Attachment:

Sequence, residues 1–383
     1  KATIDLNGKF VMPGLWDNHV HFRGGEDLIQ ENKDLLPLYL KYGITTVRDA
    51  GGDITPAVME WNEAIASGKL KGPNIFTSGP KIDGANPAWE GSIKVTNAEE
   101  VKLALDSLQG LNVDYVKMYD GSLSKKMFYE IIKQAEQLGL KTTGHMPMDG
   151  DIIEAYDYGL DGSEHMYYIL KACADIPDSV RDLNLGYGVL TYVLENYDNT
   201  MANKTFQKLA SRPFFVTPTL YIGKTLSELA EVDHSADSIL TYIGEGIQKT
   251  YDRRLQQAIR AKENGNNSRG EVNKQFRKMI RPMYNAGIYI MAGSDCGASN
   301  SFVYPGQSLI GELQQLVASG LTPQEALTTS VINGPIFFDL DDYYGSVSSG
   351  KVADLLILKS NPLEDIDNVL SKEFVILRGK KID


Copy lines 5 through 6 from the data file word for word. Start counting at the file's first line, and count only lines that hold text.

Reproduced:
   151  DIIEAYDYGL DGSEHMYYIL KACADIPDSV RDLNLGYGVL TYVLENYDNT
   201  MANKTFQKLA SRPFFVTPTL YIGKTLSELA EVDHSADSIL TYIGEGIQKT